I returned home yesterday from a 3-day trip to Nome. I took over 1100 pictures, so although I have attempted to eliminate most of them for this post, there will be very many photos. Although many are rather dark, due to the cloudy darkness most of the time, they still show what things in Nome were like on this trip.
It was lightly raining/snowing when I arrived and it snowed at least briefly each day I was there, with the temperature hovering around the freezing mark. The roads varied from bare wind-blown gravel to very icy, and changed to what appeared to be quite icy beyond the signs posted saying not to travel farther. On my last day there as I was beginning to drive out Teller Road, I watched a truck that had just passed me spin around on the road in a complete circle, finally coming to rest at the edge of the road facing the direction it had been travelling, and then just driving on. I decided not go any farther, since I’d been out that road multiple times the previous days. Although the sun briefly attempted to make an appearance, the weather had so far not done much to melt the rivers or ponds, except for a couple of slivers of creek showing through the snow.
It did not appear that much melting had occurred off the roads and everything on each side of the roads still remains snow-covered. On one large expanse of snow near the mouth of the Nome River (Council Road) I found my first gulls. All but one (a Herring Gull, not in photo) appeared (to me, not a gull-person) to be Glaucous Gulls of various ages and mantle shades of gray.
On one drive in that area, a Common Raven was fighting a small struggling seabird that I could not see very well as it kept being pushed down by the raven. I assumed (because I saw them later) that it was a murre. But when I looked at my photos, it appeared to be a Least Auklet. Comments?
In that same area later that day I saw distant speck that was a living Common Murre sitting on the snow. The next day, probably that same murre was dinner for a flock of gulls that arrived after one of them found it just as I arrived at the spot.
At first I thought the sea ice was mostly broken up and that I might be able to bird the open water from shore, but the steady winds the next night pushed the ice together toward the shore and very little water could be seen except in the far distance.
The final day, there were some open areas in the ice pile-up, and Long-tailed Ducks and a single Common Eider became visible as barely identifiable dots (through the spotting scope) in the open area toward the jetty. A Thick-billed Murre had also been reported there and I was able to see a few of them, also basically little black and white dots, with the black-and-white pattern on their breast helping to identify them.
This trip was a last-minute addition to my year of exploring Nome birding, added mainly because I wanted to learn more about the pace of change of the Willow Ptarmigans’ plumage molt. In early April when I was last there, most of them had not started their spring molt with only a few of them showing any brown feathers. I learned on this trip that while many of them now have partial or completely brown heads and necks, most of them were still all white. But at first I couldn’t find any ptarmigan. Finally I found a small flock on Teller Road, where in early April they had been numerous.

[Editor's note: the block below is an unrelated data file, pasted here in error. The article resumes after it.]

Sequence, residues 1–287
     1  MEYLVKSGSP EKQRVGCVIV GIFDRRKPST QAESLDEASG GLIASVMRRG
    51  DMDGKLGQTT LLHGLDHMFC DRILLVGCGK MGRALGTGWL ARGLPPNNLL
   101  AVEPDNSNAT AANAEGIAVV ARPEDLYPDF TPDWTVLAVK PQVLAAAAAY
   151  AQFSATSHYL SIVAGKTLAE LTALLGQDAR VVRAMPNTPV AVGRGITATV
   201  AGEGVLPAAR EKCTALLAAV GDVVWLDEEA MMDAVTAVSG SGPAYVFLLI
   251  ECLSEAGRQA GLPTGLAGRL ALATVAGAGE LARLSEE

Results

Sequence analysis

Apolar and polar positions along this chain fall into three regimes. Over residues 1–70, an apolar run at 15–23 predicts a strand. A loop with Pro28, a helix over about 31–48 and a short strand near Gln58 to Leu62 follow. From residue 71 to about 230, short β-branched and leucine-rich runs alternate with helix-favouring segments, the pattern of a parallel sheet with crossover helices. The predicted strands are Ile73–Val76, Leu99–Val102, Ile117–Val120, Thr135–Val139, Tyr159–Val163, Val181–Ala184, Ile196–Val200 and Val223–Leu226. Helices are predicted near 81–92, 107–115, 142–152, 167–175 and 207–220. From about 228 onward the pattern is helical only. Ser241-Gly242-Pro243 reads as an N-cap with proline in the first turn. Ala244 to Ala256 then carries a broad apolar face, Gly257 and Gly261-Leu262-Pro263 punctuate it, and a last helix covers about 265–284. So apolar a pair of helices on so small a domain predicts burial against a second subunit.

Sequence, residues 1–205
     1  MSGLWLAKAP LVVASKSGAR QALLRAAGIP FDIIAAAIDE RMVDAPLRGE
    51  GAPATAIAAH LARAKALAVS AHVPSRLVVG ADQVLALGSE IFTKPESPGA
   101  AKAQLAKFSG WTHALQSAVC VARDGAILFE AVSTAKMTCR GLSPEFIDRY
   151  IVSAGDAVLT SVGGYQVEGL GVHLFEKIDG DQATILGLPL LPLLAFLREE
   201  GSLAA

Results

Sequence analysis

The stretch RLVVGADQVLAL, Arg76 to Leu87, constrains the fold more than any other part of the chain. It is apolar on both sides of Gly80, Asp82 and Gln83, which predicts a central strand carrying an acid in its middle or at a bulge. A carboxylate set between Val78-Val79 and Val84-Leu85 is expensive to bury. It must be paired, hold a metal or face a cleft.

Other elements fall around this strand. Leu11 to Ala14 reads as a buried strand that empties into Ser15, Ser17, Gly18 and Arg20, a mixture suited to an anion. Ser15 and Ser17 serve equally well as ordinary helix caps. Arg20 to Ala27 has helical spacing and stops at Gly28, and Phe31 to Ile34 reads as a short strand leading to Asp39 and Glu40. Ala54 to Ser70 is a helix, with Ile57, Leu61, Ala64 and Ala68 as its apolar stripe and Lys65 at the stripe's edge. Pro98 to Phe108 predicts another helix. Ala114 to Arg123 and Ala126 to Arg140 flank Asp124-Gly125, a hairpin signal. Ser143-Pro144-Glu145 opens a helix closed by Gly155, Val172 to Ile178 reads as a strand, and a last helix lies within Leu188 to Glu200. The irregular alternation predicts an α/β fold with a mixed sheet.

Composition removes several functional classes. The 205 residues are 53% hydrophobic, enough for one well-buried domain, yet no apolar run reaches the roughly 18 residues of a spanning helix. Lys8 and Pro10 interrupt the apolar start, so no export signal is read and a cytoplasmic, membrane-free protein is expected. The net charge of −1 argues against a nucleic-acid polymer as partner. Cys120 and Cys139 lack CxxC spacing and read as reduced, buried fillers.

The next day on Kougarok Road I was delighted to find that there was, as earlier in April, a large flock of ptarmigan almost to the Nome River bridge. They were eating (presumably gravel) on the road and were spread across the snow on both sides of the road. I estimated at least 80, but there could have been twice that many, as they were quite camouflaged on the snow.
Although Snow Buntings were seen periodically along the roads, they were mostly not present at the sites where they had been feeding earlier during the winter, except one time when there was a flock of Snow (about 85) and McKay’s (probably about 2) at the downtown parking area where some grass stems protrude above the snow, and where they were buffeted by the blowing snow.
Other birds seen and photographed included a single Northern Shrike.
Other highlights of this trip include the musk oxen seen every trip on Teller Road, usually either lying down or with their heads partly buried in the snow as they browsed. They appeared to be split into at least a couple of herds. At one place quite near the road I saw two groups totaling 49 animals. Their backs appear somewhat golden, sometimes with snow on top of that. In some of the pictures they are partly obscured by heavily falling snow. Most of them were large but some appeared smaller, possibly last year’s young. Mostly they just seemed to be motionless, but upon careful observation, one could see, and sometimes videotape, their movement.
Other mammals on this trip were my first-for-Nome fox, which I had thought was probably an arctic fox, but seems from my photos to be more likely a scruffy red fox (pictures taken in the very early morning hours when it was still quite dark). Comments anyone?
I also saw my first-for-Nome arctic hare, and then more of them. The first one was all white, on Kougarok Road, but on Teller Road I had four at the Snake River bridge, which were changing to brown, chasing each other around, and another two doing the same thing near the Nome high school.
My next trip to Nome will be toward the end of May. I certainly hope (as do the Nome people I talked to) that the snow will be gone, at least on and along the roads, and that greenery (and more birds) will be beginning to be seen.